“Well, I’m not nuts,” Wetteland said, seconds after having designated himself so. “It’s funny because I’m a real nice guy in everything and easy to get along with. I will serve you until I die off the field. But, on the field, something happens, something changes, man.”
John Karl Wetteland was born in San Mateo, Calif., on Aug. 21, 1966, and adopted his father’s passions for music and baseball. Ed Wetteland pitched in the minor leagues for the Cubs and is now a pianist and cabaret performer in San Francisco. A libertarian whose family lived in a one-room cabin he built in Sebastopol, Calif., Ed housed his wife and five children in a tent beside the cabin while he was constructing it, yet he made sure John had the fanciest baseball glove around. Wetteland’s parents divorced when he was 16 and he was crushed and confused. Still is.
“I guess I haven’t,” Wetteland said when asked if he had adequately dealt with his father’s remarriage. “But it’s not like I can’t stand him or anything. My dad and I have a good relationship. We had to live with it.”
Wetteland preferred that a reporter not interview his father or his mother, Dorothy Wetteland, because he “didn’t want anyone digging into my past again.” But his father told Sports Illustrated last July that his approach was to let John select his own path in life. “I emphasized the responsibility of the individual toward society,” Ed Wetteland said. “Beyond that I allowed John to find his own way. John did not grow up in a disciplined environment. I grew up in a disciplined environment, and maybe I went the other way because of it. At times we destroyed each other, as I imagine most fathers and sons do, but I love him dearly. Life is life. The head trips are going to be there.”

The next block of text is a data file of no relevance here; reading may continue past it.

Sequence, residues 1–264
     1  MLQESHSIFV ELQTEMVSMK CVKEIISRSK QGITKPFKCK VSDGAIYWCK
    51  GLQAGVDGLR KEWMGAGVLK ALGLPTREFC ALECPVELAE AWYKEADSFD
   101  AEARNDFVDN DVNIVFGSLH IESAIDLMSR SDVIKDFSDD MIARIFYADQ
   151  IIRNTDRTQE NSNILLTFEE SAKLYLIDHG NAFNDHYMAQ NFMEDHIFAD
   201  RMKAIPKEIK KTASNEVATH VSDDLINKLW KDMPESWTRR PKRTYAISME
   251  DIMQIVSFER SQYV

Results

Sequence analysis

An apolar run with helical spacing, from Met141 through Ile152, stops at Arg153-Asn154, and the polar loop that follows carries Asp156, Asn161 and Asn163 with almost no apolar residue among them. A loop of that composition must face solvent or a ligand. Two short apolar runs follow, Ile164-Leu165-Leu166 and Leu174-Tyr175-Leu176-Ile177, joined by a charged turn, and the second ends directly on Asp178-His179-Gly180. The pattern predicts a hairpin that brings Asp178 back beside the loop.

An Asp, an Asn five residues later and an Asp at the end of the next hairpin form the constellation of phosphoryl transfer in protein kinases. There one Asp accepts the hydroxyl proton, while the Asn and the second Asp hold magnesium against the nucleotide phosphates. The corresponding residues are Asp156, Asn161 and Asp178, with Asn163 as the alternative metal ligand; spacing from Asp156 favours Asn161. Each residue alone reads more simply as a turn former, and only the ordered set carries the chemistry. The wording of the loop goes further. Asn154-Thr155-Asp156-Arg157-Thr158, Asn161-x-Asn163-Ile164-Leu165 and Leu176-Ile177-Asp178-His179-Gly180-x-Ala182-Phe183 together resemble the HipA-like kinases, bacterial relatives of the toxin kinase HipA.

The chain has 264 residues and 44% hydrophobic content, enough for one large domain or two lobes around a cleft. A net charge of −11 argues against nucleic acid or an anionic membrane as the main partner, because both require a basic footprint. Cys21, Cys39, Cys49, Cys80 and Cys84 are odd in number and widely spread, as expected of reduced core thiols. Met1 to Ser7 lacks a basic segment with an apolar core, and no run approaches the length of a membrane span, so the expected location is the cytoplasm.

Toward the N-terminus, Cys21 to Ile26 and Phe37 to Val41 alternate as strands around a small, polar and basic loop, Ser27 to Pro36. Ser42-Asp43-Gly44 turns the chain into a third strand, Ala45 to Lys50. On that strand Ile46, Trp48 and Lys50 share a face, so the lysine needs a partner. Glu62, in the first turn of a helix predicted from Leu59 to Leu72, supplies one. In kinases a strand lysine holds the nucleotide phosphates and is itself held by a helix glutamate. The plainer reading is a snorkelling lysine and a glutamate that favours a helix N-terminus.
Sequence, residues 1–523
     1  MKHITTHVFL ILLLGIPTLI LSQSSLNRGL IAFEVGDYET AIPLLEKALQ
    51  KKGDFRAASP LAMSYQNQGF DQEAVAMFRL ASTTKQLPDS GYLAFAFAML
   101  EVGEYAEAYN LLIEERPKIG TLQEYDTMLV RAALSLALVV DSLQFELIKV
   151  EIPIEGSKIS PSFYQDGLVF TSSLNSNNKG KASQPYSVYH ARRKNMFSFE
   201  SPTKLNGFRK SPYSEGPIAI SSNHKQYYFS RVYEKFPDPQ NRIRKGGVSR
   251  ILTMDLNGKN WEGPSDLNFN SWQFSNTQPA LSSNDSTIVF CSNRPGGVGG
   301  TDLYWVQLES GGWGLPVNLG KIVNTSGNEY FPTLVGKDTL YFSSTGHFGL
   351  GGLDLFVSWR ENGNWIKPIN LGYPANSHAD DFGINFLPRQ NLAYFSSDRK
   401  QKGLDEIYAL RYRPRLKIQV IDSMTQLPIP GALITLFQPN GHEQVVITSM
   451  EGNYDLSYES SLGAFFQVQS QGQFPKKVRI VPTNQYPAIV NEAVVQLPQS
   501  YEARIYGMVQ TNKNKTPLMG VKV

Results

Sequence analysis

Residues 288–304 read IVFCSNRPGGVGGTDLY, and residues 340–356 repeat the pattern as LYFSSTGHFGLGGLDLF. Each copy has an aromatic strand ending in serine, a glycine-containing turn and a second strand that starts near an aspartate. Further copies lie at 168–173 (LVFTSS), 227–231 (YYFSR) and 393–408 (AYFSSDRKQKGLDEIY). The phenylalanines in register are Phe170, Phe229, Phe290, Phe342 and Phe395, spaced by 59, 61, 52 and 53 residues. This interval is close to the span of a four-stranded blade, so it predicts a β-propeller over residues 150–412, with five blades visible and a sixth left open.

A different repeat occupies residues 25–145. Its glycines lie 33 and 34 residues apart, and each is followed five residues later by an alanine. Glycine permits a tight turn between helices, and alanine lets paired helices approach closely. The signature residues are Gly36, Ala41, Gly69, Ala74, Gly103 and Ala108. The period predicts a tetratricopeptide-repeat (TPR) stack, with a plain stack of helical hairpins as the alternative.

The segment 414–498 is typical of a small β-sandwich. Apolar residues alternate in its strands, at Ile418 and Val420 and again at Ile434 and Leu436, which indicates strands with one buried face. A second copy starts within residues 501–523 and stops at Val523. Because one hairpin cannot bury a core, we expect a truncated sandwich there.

The head trips were there. Wetteland almost died twice around the age of 17. Once he nearly overdosed on a combination of drugs, including LSD, at a Grateful Dead concert. Another time, Wetteland was in the front seat when a drunken friend rammed his car into a telephone pole. Something happened. He trudged on. He kept playing baseball and guitar. He kept walking crooked.
Unaware of Wetteland’s occasional struggles, the Dodgers signed the 18-year-old right-hander out of Cardinal Newman High School in Santa Rosa, Calif., in 1985. He lost 10 straight games in his second minor league season, but was promoted from Class AAA Albuquerque to the Dodgers three years later and went 5-8 with a 3.77 earned run average. Jay Howell, a friend and former teammate, still called him a “lost soul.”
Wetteland’s transformation to someone who carried Bibles everywhere and read prayers in a bawdy clubhouse started because he wanted to impress Michele [his wife]. He sent her what she called “a kind and eloquent” note while she was working as an usher at a Class AA game in Shreveport, La., in 1988 and tried wooing her by feigning interest in Christianity. Slowly, his interest became legitimate. He traces his turnaround to the moment he found money. Before the 1990 season, the Dodgers offered him a $142,500 contract and Wetteland thought he had reached nirvana. He was wrong and knew it before collecting a dollar.